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Trial court's suppression order binding to ethics commission

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After turning to the Indiana State Ethics Commission when a trial court ordered the evidence in a theft case suppressed, the state was reminded it “does not get a second bite at the apple.”   

The Indiana Court of Appeals affirmed a trial court’s reversal of the ethics commission’s ruling in Indiana State Ethics Commission, an agency of the State of Indiana, Office of Inspector General, an agency of the State of Indiana, and David Thomas, in his official capacity as Inspector General v. Patricia Sanchez, 49A02-1301-PL-12.
 
The state of Indiana, through the Marion County Prosecutor’s Office, filed felony theft charges against Patricia Sanchez for keeping state property after she was dismissed from the Indiana Department of Workforce Development. Officials had found the missing items in her home and car.

However, the trial court granted Sanchez’s motion to suppress the evidence on the grounds the search warrant was obtained and executed based on stale information.

The state did not appeal the suppression order, and the prosecutor dismissed the charges.

Then the state, through the Office of the Inspector General, filed a complaint with the ethics commission. It did not tell the commission about the suppression order.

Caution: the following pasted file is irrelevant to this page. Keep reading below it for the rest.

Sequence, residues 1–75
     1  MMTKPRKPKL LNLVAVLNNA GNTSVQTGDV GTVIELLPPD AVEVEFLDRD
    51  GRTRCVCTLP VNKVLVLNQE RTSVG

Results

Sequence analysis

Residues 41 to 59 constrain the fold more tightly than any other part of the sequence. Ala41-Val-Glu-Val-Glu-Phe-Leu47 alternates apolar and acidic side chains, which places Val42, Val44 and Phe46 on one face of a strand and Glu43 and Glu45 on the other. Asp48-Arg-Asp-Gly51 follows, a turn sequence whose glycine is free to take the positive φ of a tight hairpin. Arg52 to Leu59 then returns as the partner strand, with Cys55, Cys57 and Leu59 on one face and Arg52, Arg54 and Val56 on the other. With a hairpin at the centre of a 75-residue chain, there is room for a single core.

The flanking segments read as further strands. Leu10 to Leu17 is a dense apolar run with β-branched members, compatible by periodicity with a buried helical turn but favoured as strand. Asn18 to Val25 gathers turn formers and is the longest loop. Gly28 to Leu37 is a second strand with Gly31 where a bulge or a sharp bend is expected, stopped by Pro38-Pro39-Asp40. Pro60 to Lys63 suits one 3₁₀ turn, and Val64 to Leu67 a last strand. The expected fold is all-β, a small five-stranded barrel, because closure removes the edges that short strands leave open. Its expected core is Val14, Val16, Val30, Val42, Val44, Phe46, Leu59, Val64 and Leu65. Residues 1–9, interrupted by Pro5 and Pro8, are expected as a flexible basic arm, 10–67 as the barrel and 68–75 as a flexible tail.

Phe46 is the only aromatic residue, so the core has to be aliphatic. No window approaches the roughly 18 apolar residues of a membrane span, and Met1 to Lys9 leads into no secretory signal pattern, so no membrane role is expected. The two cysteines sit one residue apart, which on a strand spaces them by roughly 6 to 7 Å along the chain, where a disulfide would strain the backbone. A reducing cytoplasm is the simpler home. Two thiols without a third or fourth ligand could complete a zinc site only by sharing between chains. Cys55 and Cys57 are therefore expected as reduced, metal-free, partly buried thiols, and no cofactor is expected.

Again, Sanchez filed a motion to suppress the evidence, but the commission denied it. The commission then found Sanchez had violated the Indiana Administrative Code’s prohibition against the personal use of state property, and it barred her from future employment with the state.

Sanchez filed a petition for judicial review in the trial court. The court reversed the commission, concluding the suppression order constituted a binding decision on the question of probable cause and that the ethics commission had no discretion to ignore that order.

On appeal, the state argued the ethics commission had exclusive jurisdiction to determine whether probable cause existed to proceed to a public hearing on the complaint.

“We are not persuaded that the Ethics Commission is in a better position – let alone an exclusive one – than Indiana’s trial courts to determine probable cause,” Judge Edward Najam wrote. “But, even if it were, an agency’s special expertise does not allow it to ignore its privy’s prior, adequate representation of the same issue before a competent tribunal.”

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  1. Too many attorneys take their position as a license to intimidate and threaten non attorneys in person and by mail. Did find it ironic that a reader moved to comment twice on this article could not complete a paragraph without resorting to insulting name calling (rethuglican) as a substitute for reasoned discussion. Some people will never get the point this action should have made.

  2. People have heard of Magna Carta, and not the Provisions of Oxford & Westminster. Not that anybody really cares. Today, it might be considered ethnic or racial bias to talk about the "Anglo Saxon common law." I don't even see the word English in the blurb above. Anyhow speaking of Edward I-- he was famously intolerant of diversity himself viz the Edict of Expulsion 1290. So all he did too like making parliament a permanent institution-- that all must be discredited. 100 years from now such commemorations will be in the dustbin of history.